Report: Appendices contain a number of results that are not used or referred to in the main text. I believe a selection should be made validating the claims of the paper (or showing its limitations). They are described sometimes not precisely. While, as mentioned above f(α) is analysed around E=5 what about the following Dq analysis?
Reply: The spectrum of fractal dimensions $f(\alpha)$ provides all the required information about the fractal dimensions, as $(q1) D_q$ is just the Legendre transform of $f(\alpha)$, see Eq. (11). Therefore, following the previous recommendation of the referee 1 to “limit the numerical results presented in the appendices to a subset needed for the confirmation of the work claims and its conclusions” we prefer not to add more detailed information on the points being away from the main claims of the paper.
Report: In Fig.9 a comparison with powerlaw random banded matrices is shown but is the power law assumed similar to that of the dipole model (1)? In the caption we read about 2d powerlaw random banded model  how 2d model is constructed? The referee (and [26] cited) knows only a standard PLRBM model where no dimensional structure is present. The precise definition of PLRBM used should be given in 2 lines explaining e.g. what is the sense of W in PLRBM?
Reply: We agree with the Referee 1 that there is no consideration of ddimensional PLRBM model in [29, 30]. However, taking into account the generic RG consideration from [2224], one can simply generalize the results for ddimensional PLRBM with the Anderson transition at $a=d$ by simple change of the 1d distance mn between two sites m and n by ddimensional one. In the revised version of the manuscript, we have clarified the definition of ddimensional PLRBM used for the comparison in Fig. 4. The role of the diagonal disorder $W$ in such disordered longrange models is a finitesize effect (except for the critical point $a=d$) and discussed in the reply to “Requested changes d”.
Report: Is energy dependence included in the analysis of IPR in Fig.10? Is energy dependence included in the higher order gap ratio statistics that appears in Sec.C of the Appendix and fig.15? Let me stop here asking the questions about the wealth of the material scattered throughout appendices..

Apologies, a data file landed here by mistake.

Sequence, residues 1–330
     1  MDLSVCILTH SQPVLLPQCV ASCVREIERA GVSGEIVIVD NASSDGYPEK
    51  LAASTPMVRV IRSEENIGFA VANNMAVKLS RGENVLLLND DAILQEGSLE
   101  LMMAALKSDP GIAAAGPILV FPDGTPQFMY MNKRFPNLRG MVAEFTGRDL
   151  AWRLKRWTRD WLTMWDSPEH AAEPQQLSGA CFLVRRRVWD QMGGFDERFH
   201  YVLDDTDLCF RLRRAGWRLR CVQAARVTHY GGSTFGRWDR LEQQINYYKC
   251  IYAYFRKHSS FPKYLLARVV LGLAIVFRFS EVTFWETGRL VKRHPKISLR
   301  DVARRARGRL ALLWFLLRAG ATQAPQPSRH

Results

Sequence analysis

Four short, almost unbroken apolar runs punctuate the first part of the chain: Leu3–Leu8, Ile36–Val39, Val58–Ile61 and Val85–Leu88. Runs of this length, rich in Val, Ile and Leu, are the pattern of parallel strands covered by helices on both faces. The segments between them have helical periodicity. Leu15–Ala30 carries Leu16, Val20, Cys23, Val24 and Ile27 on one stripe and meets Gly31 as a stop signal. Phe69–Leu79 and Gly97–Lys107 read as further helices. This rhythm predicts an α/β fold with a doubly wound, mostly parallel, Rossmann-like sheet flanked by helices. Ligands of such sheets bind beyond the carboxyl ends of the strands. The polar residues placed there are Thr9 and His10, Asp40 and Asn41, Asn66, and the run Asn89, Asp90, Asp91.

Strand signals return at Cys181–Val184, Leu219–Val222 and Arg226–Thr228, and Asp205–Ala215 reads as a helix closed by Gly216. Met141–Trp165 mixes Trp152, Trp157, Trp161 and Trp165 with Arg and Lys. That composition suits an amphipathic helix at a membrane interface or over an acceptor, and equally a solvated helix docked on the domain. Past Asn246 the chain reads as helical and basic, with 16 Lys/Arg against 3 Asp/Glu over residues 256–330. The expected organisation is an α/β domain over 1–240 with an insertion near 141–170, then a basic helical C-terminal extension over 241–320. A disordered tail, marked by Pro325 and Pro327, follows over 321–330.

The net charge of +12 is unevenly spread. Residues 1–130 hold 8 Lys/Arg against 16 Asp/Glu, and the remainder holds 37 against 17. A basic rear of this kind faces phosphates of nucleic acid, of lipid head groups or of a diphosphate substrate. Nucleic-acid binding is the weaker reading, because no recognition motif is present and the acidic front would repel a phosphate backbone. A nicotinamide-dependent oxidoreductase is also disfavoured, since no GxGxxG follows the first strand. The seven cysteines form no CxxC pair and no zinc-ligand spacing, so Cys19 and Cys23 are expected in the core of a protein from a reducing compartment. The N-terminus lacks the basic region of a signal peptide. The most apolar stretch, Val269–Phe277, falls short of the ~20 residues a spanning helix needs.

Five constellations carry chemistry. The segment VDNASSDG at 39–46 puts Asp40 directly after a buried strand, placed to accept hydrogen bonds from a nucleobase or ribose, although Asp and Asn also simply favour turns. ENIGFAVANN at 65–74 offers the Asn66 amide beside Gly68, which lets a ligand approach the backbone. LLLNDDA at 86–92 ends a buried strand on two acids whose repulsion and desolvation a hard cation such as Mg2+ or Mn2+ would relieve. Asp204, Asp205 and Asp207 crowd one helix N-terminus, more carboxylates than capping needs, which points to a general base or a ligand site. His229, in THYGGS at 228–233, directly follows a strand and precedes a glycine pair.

Reply: In the caption of Fig. 10 it is written explicitly that we show “Inverse participation ratio sorted in increasing order versus renormalized state index”. The eigenvalues are not involved, but IPR is energyresolved. If not written explicitly, we consider the numerical data in the bulk of the spectrum which is homogeneous in the energy interval [W/2,W/2]. In the revised version of the manuscript, we have clarified it from the very beginning.
Author: Ivan Khaymovich on 20220628 [id 2614]
(in reply to Report 2 on 20211127)We are very grateful to the Referee 2 for high evaluation of our manuscript, topic to which it is devoted and the method used. Below we present the pointtopoint reply to the comments of the Referee.
**Report
I think this is a worthwhile addition to the literature. It builds on some previous results of these authors, showing that for very longrange interactions localization of typical states can sometimes be protected essentially by the way lowmomentum states 'detach themselves' from the bulk of the spectrum. Longdistance interactions between wavepackets are mediated by these lowmomentum states and are therefore suppressed relative to a naive locator expansion.**
Reply:
We thank the referee 2 for a careful reading of the manuscript and for nicely summarizing the results.
**Whether this phenomenon happens or not depends on the sign structure of the longrange interaction, and the dipolar "angle" is a way of tuning this sign structure.**
Reply:
Here we would like to clarify the point: the signstructure of the longrange potential (if someone thinks about something like staggered potential) plays no role here as it just changes the phase of the eigenstates by alternating sign with the distance. What indeed matters is the signstructure of the spectrum of the hopping.
**I find this work conceptually quite interesting although from an experimental point of view the setup is highly artificial. But perhaps the authors can comment a little more on what they expect to happen with real dipoles in 3D.**
**Weaknesses 1. The setup is a little artificial. The angledependence makes sense for the regular dipolar interaction, but for the generalized dipolar interaction (realized using ion traps or cavities) there is no reason to expect this angledependence.**
**Requested changes 1. Be more explicit about what is meant by the generalized dipolar interaction.**
Reply:
We thank the Referee for pointing out this issue. We agree that the realization of the dipoledipole interaction with a generalized (smaller) powerlaw exponent in a regular dipolar system would be very helpful, however to the best of our knowledge only the powers $a=3$ and $a=6$ can be realized in the standard dipolar systems (like Rydberg atoms). In this sense, the direct application of the electric field in such systems is limited to help experimentalists to observe anisotropymediated localization.
Nevertheless, in ion trap and ultracold atomic setups as well as in 2d photonic crystals near a Dirac point and 2d polaritons, where smaller powers $0<a<2$ can be realized, one can find the analogous effects of anisotropy similar in spirit to the dipole orientation.
In the revised version of the manuscript, we clarify the experimental feasibility of our results in the introduction.
**Requested changes 2. Add a little more detail from the appendices into the main text on the RG section.**
Reply:
In the revised version of the manuscript, we have restructured the main text structure by adding more information from the appendices, including the one mentioned by the referee 2.